Jafar Kazemi has been executed today, 24th of January in the early morning in Tehran.
The following is the English translation of Rodabeh Akbari’s letter:
My name is Roudabeh Akbari. I am a housewife, married to the political prisoner Jafar Kazemi and a mother of two children.
My husband was arrested on September 18, 2009 at 6 am on Haft-Hoz Street in Tehran. We did not hear from him for two weeks. He was tortured for three days and then placed in solitary confinement for 74 days under harsh conditions.
My husband was accused of supporting and propagandizing for the Mojahedin Organization (MKO), as well as visiting our son in Ashraf (MKO camp in Iraq).
In prison, after being tortured and spending three months in solitary, he was pressured to make televised confessions. Faced with his resistance, they then tortured him again, and three of his teeth were broken as a result of severe beatings. Presently, my husband remains in a worrisome physical and emotional state.
At the end of the initial trial, during which judge Moghiseh sentenced him to death, my husband’s lawyer verbally objected to the ruling, which he argued was excessive and unlawful for the existing charge of anti-state propaganda. The judge remarked that he was under pressure at that time by higher authorities to rule in this fashion. According to my husband’s lawyer, during the second trial, the court did not even look at the defense statement, which contained 3 pages of arguments regarding the anti-state propaganda charge, and in a 2-line ruling upheld the initial court’s ruling (death sentence). Judge
Zargar was the judge who presided over the appeal hearing.
The interrogator has told my husband that “we need to sacrifice a few in order to save the regime, and your name has been drawn as one of them”. My husband was asked again to make an interview about the Ashura events of December 27th 2009, but he refused to comply as was arrested 3 months before Ashura. The interrogators threatened that if he refused to make the confession, they would torture his wife and his children before his eyes. In spite of threats by the interrogators that they would cut his wife in pieces before his eyes, he continued to resist making any confessions in interview. The interrogators reacted by telling my husband that his execution was final and would be enforced. After 74 days of solitary in ward 209, he was held in a place they call the suite, before being moved one week later to ward 350.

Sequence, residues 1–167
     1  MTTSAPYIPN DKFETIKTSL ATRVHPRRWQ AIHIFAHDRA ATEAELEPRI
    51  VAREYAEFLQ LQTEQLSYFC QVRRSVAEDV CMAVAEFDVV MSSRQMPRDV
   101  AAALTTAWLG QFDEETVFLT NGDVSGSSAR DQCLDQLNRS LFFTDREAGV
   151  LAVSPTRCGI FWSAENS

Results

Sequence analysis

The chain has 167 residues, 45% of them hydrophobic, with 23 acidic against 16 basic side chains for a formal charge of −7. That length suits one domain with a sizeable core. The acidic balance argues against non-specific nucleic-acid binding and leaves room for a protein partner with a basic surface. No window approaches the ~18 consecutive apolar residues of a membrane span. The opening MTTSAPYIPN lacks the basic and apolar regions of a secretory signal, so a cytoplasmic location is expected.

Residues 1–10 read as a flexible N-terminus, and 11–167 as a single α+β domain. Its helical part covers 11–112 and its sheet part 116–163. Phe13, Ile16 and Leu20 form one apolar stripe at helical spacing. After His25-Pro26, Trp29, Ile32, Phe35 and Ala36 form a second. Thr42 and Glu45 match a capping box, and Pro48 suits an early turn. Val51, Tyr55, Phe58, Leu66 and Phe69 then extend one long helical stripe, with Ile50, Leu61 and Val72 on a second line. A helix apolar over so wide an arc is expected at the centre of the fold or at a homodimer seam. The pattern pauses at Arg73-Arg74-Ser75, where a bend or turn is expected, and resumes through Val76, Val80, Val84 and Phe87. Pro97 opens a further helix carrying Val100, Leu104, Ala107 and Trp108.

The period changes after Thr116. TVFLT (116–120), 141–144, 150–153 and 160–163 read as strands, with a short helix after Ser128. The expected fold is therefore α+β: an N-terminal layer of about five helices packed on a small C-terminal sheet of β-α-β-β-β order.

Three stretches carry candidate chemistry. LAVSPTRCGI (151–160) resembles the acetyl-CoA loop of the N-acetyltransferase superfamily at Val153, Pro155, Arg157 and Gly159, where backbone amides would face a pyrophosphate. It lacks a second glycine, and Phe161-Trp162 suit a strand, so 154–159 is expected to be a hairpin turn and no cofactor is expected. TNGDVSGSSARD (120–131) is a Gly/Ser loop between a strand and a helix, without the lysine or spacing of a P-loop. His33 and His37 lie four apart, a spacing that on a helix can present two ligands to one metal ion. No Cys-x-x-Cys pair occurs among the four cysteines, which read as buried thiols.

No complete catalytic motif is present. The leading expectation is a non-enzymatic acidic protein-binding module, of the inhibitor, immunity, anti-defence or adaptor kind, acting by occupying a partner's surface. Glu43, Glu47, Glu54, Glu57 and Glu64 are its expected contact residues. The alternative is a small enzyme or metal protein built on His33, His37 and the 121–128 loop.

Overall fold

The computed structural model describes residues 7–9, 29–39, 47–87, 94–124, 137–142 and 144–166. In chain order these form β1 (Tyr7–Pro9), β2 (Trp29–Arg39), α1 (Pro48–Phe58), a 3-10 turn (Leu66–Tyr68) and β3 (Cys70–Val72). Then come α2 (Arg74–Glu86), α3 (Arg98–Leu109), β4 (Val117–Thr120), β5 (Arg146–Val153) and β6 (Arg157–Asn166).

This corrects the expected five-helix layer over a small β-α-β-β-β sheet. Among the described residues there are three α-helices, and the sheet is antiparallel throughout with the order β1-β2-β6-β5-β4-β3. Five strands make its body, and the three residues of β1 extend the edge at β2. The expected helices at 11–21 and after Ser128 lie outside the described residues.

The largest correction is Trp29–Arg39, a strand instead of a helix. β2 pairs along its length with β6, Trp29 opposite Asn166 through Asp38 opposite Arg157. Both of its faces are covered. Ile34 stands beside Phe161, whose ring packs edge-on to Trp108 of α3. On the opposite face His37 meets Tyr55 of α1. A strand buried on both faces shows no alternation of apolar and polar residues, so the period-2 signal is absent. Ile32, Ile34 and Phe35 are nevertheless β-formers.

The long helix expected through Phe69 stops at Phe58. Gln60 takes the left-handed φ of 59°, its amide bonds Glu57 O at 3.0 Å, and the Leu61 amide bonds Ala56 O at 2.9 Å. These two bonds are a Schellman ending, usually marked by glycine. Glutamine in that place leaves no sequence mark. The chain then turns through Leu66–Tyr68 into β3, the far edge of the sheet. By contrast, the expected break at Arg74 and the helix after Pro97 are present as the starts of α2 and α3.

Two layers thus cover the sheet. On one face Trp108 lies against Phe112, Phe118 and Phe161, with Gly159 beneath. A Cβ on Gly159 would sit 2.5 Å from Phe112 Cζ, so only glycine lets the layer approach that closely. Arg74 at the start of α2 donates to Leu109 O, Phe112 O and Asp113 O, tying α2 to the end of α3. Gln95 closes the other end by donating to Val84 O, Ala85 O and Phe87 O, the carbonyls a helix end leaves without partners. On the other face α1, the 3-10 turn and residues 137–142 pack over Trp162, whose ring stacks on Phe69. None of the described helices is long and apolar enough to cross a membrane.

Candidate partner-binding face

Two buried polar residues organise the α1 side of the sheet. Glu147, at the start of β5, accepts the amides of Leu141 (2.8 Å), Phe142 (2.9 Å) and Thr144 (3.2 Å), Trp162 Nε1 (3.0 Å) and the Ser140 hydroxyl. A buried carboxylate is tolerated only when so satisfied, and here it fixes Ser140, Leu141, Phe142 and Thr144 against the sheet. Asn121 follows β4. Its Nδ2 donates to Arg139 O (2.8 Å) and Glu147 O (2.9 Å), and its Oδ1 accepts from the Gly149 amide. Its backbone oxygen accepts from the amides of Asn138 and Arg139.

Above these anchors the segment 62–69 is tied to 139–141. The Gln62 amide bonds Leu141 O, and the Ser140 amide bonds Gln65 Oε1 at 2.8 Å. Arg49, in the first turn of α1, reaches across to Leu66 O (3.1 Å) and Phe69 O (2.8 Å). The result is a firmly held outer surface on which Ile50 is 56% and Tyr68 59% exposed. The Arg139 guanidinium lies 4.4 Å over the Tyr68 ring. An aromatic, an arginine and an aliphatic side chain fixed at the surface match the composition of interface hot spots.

For three weeks, despite repeated attempts by me and my younger child, they refused to let us visit with him.
Which law, country or ethics, says that visiting one’s child is a crime? If the Islamic Republic considers visiting your children a crime punishable by death, then my husband is guilty.
Given the critical situation of the political prisoners, and considering the total lack of will to review the inhumane and illegal court rulings against innocent prisoners, I demand the immediate stay of execution for those have been sentenced to death.
What I described above does not only apply not to my husband and our family; all the families of political prisoners are in the same excruciating psychological situation. All the families of political prisoners want immediate action from the United Nations and the UNHCR commissioner.
Roudabeh Akbari, wife of political prisoner Jafar Kazemi